Some sessions are too big for this, and some are small enough not to need it, but it would have been nice if it had happened once.
6. Get a seat at the table.
Each session I went to was already quite full and I was sat on the carpet. This reduces the likelihood of my saying anything (or even listening) by about 200%. The one time I was sat at a table – because I forgot that Room 1 was the auditorium, not the one labelled ‘Room 1’ – I had a nice chat with Glen Ocsko who had made the same mistake.
7. A nice chat is better than a session
I don’t think I take much from the sessions at all. I get inspired by conversations that I’m involved in, but I’m crap at saying anything in a session that involves more than, say, 2 people. Dane Wright formerly of Brent Council came over to talk to me in a break about his views of the GLA’s open data standard for public toilets and this was a far more useful 3-minute conversation than any of the sessions that I listened to (I recognised him from the session last year where everyone introduced themselves..).
It’s also just nice to meet people that you know ‘off of the internet’, to acknowledge that you do. I don’t think you have to meet people off the internet to make an online connection more valid, however my constant worry is that just because I read and enjoy every post someone ever makes, do they know I exist? Even if they follow me, or once @mention-ed me, do they remember me? Which are the real links and which are in my head?
So it was nice to meet / talk to @glenocsko, @tom_chance, @puntofisso, @iamadonut. I enjoy your tweets.
It was also nice to say hello to people I’ve met before, and meet new ones – the people I sat next to at lunch, the man next to me in the auditorium, the guy I talked to on the way in, and the lady from teacamp who talked to me in the ladies. Thanks.
And @welovelocalgov, whoever you are.
8. It doesn’t matter if you don’t go
It was a nice day. I learnt stuff and listened to some interesting conversations, particularly about neighbourhood democracy and participation, something that we’re about to start a project on. I now know of a few more people who work in the same field, who’s blogs I can follow and hopefully talk to and swap notes at a later date.
If I hadn’t gone to ukgovcamp, I’d probably have found them anyway, not least from reading the posts about ukgovcamp. I go to ukgovcamp because I like it, not because I need to. This is another difference between unconferences and conferences.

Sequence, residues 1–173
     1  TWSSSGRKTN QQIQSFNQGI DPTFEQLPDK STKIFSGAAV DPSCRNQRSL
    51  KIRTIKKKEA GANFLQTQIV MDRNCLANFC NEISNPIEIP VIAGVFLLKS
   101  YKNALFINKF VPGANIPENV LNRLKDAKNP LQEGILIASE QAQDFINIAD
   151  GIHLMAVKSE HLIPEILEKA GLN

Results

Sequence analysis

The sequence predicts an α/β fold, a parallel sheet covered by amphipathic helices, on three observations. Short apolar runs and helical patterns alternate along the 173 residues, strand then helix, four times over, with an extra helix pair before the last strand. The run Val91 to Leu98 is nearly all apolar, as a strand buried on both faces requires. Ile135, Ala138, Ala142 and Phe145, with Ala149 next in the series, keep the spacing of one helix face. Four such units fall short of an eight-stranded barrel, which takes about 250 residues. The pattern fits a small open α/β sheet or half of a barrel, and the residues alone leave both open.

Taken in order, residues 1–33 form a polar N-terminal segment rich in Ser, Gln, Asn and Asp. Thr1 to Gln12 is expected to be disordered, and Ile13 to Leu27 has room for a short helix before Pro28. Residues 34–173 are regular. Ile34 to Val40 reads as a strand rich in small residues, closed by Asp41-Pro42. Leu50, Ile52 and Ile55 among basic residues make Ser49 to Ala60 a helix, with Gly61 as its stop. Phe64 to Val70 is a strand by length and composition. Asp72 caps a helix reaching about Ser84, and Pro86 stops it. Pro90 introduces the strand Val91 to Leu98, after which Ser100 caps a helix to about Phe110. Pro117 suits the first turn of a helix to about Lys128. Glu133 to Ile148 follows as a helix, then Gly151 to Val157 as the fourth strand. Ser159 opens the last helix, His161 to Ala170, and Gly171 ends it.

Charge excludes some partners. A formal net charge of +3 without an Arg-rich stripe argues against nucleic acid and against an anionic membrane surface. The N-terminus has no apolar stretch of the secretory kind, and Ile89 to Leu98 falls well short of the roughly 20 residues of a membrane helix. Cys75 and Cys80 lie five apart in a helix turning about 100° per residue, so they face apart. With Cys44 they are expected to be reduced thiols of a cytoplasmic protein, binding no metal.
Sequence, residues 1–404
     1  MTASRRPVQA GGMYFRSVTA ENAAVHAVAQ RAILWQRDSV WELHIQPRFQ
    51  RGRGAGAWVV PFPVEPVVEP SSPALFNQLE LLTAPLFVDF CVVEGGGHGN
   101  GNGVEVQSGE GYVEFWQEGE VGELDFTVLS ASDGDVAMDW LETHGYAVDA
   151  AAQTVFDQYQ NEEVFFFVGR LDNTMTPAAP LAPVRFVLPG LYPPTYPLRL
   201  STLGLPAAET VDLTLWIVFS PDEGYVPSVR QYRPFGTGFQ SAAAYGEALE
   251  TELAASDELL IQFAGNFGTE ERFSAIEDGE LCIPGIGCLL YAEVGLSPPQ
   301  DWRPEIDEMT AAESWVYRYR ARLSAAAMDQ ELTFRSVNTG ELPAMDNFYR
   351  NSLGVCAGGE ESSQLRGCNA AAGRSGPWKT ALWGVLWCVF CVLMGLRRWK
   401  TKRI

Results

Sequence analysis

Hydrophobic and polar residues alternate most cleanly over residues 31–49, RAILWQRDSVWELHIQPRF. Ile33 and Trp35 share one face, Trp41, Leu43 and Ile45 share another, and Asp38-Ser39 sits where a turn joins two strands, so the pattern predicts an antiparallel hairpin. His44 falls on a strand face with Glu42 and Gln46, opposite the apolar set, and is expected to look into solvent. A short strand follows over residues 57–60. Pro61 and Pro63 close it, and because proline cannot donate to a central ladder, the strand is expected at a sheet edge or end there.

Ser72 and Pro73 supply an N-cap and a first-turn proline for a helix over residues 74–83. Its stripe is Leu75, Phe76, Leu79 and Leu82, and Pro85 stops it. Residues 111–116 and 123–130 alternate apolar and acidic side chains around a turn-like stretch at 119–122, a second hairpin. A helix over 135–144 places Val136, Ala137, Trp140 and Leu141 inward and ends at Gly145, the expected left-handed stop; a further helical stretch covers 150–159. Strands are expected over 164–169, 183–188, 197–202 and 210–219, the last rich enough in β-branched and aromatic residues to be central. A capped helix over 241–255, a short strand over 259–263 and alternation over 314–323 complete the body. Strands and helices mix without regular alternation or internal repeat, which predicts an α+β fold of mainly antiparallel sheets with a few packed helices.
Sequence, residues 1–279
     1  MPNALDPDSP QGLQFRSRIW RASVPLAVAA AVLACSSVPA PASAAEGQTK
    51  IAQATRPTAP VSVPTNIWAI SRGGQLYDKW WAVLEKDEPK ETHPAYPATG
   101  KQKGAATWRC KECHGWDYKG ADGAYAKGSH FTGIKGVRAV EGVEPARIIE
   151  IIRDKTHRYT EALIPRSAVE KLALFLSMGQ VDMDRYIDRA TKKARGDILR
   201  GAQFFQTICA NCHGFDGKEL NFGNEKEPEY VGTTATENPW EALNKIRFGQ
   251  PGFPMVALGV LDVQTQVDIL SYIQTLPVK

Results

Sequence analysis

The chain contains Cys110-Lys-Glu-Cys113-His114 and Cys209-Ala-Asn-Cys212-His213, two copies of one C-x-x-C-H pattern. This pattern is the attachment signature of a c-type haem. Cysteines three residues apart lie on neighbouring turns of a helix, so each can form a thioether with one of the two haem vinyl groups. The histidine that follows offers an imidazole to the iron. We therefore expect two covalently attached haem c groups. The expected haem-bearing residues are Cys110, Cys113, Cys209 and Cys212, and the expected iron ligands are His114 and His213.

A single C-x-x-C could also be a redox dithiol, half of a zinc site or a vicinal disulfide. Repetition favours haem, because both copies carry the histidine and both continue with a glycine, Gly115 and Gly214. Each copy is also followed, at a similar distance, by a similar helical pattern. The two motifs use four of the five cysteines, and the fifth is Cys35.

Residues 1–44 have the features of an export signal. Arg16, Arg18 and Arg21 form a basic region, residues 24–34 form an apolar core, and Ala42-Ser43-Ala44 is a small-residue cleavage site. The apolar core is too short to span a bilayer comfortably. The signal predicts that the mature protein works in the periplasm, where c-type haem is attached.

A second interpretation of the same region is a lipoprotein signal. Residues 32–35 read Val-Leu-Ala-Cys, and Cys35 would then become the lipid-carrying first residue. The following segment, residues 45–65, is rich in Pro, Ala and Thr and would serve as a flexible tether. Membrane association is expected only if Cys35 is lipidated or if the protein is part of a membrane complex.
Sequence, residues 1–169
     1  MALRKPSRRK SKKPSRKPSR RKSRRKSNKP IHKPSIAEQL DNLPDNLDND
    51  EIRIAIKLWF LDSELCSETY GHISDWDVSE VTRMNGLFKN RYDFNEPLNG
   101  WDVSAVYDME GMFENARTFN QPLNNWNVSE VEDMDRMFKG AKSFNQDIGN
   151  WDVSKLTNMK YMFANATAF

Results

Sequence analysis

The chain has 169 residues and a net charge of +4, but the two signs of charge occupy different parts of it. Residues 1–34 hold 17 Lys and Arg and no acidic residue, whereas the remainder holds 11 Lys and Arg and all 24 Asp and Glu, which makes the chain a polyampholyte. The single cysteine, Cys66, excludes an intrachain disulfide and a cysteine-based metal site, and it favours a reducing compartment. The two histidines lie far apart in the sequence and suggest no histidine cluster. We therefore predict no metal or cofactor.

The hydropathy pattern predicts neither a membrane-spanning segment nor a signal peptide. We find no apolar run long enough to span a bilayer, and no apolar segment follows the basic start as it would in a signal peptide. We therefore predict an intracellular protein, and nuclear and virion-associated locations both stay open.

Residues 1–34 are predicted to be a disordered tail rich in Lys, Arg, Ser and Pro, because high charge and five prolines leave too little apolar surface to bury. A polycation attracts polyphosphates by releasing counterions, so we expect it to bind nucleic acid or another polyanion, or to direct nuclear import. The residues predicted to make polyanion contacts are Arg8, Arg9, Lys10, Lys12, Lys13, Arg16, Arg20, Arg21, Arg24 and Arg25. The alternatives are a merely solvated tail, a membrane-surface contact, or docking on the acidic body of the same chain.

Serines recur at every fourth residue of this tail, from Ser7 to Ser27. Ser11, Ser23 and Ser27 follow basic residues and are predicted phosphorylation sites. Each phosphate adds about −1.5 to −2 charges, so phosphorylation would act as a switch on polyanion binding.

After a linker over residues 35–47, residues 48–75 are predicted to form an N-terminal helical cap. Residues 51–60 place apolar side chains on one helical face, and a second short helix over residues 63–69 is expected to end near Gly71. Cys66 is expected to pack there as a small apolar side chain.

9. I’d pay for ukgovcamp.
I wondered whether free events could ask people to pay afterwards however much they think it was worth. I went to an Open Data Masterclass, another free thing that I signed up for on Eventbrite to find out what it was, and it was incredibly useful, more so than most conferences with a £200 registration fee.
Unconferences need to stay free – how do you know if something is of value to you until you’ve been? – but that doesn’t mean they don’t have a value in hindsight.
I imagine, compared to the amount raised from sponsorship, that my £30 wouldn’t go far, but it’s the thought that counts.
10. Don’t make comments about UK GovCamp unless you’re prepared to do something yourself.
Dave Briggs and Steph Gray organise UK GovCamp for.. fun? perhaps? I don’t know, but without them it wouldn’t happen. So commenting about an event, whether neutral or negative, without being prepared to do something yourself seems pathetically ungrateful compared to the effort that they and others put in to create it.
So if I get frustrated that there aren’t more designers at ukgovcamp, then I should 2. Invite them.
If I wish people would 5. do introductions in sessions then I should suggest it in the session.
And if I wish that people who are struggling to make data useful or improve public services or communicate with their neighbourhoods would talk more about design and the people they’re designing for, then I should 6. Get a seat at the table and talk about people-centred design and how passionate I am about it.
I guess that’s what I’ve taken from UKGovCamp.
- Invite people to things they might like
- Introduce myself to those I’d like to know
- find practical ways to bridge the gap between design and the public sector.